Self-portrait, 1932
Grant Wood – As a child
• Born on February 13, 1891 in Iowa
• Died in 1942
• Grew up on a farm in Anamosa, Iowa
• Went to school in one room school house
• Liked to draw but had no money for art supplies
- He used bits of charcoal and cardboard
• In 1916, he went to study at the Art Institute of Chicago
Grant Wood – As an adult
• During World War I (1914-1918), he painted
camouflage on trucks and cannons
• In 1920, after the war, he went to France, Italy and
Germany to study art, and supervised the making of
stained glass windows
• Also studied “Gothic Art” which was
very detailed and natural. People
were shown with serious expressions and
buildings had long lines and pointed
arches
The Little Chapel Chancelade, 1926
Back in America…
• Discovered a new style of painting
called American Regionalism
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Tell a story with his art
Young Corn, 1931
Painted subjects he knew
Represent everyday, ordinary people and places
He was called the Midwestern Painter
• Worked as a high school art teacher, painted, designed
stained glass windows
• Wanted to be identified as a farmer; wore overalls all
the time
• Grant Wood designed and
built the stained glass window
at the Veterans Memorial
Building for $9,000 in 1927 –
Cedar Rapids, Iowa
• The window includes a 16 foot
"Lady of Mourning" and life
size soldiers from the
Revolutionary War through
WWI.
Veterans Memorial Window, 1929
Telling a Story
Woman with Plants, 1929
•
Grant painted his mother as a strong
and loving frontier woman.
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Farm landscape
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The decorative stitching on her
dress, the cameo around her neck,
the potted plant and other details
that were important to her.
•
People all over Iowa were proud of
Grant’s portrait of his mother.
•
It was one of the first paintings
about the Midwest that seemed like
it was done by someone who really
knew and understood the people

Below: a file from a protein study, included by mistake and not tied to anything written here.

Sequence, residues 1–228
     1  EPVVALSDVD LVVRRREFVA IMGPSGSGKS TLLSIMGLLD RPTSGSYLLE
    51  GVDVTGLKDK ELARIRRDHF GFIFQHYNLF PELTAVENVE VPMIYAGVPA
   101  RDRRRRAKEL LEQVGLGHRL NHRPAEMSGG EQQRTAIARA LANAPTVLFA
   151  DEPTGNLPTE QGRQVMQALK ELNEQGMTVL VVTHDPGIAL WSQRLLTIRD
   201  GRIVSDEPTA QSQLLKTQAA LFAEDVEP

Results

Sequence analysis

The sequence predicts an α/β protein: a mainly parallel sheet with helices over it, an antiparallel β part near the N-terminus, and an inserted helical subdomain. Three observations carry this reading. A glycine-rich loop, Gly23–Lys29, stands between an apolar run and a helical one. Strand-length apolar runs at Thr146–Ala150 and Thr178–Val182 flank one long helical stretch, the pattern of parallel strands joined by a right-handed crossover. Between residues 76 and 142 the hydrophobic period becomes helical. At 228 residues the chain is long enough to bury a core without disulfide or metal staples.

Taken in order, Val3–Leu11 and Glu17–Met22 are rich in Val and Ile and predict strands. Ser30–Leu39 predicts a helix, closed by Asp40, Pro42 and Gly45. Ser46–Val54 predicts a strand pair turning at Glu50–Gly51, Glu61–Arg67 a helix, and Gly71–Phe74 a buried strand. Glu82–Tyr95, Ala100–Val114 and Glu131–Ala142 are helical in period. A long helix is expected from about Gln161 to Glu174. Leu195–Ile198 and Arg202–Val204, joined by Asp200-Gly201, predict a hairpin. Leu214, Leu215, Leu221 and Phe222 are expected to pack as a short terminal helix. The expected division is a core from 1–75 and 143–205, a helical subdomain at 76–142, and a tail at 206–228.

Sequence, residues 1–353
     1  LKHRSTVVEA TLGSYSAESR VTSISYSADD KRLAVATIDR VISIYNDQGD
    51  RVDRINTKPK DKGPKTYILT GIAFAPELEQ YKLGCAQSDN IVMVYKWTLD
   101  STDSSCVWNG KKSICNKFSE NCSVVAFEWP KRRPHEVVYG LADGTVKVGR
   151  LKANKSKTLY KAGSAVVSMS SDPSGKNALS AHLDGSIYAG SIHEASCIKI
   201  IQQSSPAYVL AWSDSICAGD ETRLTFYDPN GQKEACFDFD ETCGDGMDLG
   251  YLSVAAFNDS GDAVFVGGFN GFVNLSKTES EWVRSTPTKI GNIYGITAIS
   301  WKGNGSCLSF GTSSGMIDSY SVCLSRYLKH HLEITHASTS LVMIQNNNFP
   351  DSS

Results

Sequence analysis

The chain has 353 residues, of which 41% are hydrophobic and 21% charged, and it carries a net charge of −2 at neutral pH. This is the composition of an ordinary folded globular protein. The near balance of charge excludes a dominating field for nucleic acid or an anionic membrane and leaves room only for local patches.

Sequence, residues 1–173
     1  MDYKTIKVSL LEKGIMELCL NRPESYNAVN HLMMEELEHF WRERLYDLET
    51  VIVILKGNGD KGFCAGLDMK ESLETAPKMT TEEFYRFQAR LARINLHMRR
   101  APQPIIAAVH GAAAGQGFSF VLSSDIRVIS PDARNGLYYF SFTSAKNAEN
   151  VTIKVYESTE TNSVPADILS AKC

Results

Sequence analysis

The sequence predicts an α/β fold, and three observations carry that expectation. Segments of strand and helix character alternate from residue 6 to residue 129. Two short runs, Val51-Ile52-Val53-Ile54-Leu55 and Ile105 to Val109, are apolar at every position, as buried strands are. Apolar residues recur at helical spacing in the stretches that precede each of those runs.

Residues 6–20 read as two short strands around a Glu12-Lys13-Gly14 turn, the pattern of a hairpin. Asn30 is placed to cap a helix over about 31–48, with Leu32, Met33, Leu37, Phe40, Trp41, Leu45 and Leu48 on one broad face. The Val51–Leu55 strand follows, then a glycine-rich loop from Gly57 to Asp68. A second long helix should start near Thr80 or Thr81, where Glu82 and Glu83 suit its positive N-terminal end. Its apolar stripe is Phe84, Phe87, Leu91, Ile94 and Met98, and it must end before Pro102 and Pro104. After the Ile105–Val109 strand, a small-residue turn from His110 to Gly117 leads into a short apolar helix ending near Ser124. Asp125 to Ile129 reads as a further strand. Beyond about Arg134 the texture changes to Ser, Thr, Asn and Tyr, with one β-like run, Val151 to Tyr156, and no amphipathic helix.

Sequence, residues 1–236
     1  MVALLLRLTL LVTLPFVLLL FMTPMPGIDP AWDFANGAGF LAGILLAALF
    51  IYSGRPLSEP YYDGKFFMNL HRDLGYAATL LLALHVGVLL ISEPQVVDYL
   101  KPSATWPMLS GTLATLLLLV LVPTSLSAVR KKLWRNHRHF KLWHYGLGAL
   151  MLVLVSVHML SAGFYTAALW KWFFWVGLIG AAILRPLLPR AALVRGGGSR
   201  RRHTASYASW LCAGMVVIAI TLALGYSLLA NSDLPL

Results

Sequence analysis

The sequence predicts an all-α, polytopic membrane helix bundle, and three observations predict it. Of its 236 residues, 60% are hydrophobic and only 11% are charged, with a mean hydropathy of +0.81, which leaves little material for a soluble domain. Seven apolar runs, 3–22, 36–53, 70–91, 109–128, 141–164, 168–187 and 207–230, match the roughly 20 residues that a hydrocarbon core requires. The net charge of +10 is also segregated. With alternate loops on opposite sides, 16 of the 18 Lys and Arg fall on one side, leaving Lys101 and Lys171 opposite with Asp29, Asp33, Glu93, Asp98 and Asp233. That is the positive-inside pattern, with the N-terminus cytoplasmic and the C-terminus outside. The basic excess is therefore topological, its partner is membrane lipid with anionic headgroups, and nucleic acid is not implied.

there.
Telling a Story
The Midnight Ride of Paul
Revere
by Henry Wadsworth
Longfellow
1863
(…) A hurry of hoofs in a village
street,
A shape in the moonlight, a bulk in
the dark,
And beneath, from the pebbles, in
passing, a spark
Struck out by a steed flying fearless
and fleet;
That was all! And yet, through the
gloom and the light,
The fate of a nation was riding that
night;
And the spark struck out by that
steed, in his flight,
Kindled the land into flame with its
heat. (…)
The Midnight Ride of Paul Revere, 1931
Telling a Story
•
"Arbor Day," a 1932 painting by native Grant Wood, was used to design the
state quarter in the 50 State Quarters Program.
•
The quarter shows a one-room schoolhouse with a teacher and students
planting a tree and the words "Foundation in Education."
American Gothic, 1930
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American Gothic, 1930
Grant liked the contrast of a
European window on an
American farmhouse.
His family dentist and his own
sister, Nan, were the models for
the farmer and his daughter
Won the third place prize at big
show at the Art Institute of
Chicago
People all over America loved the
newspaper pictures they saw of
it.
People felt Grant’s art was easier
to understand than the new
modern art
Grant’s paintings along during a
rough time in history known as
the Great Depression.
Parody
• A humorously
exaggerated imitation
of an artist
Parody
Things to remember
• American Regionalist Painter
– Painted to express the images in his mind
– He liked to tell a story with his art
• Gothic Art refers to:
– detailed and natural images
– People generally have serious expressions
– Buildings have long lines and pointed arches
• Parody means a humorously exaggerated imitation
of an artist
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Grant Wood - Spring Brook Elementary School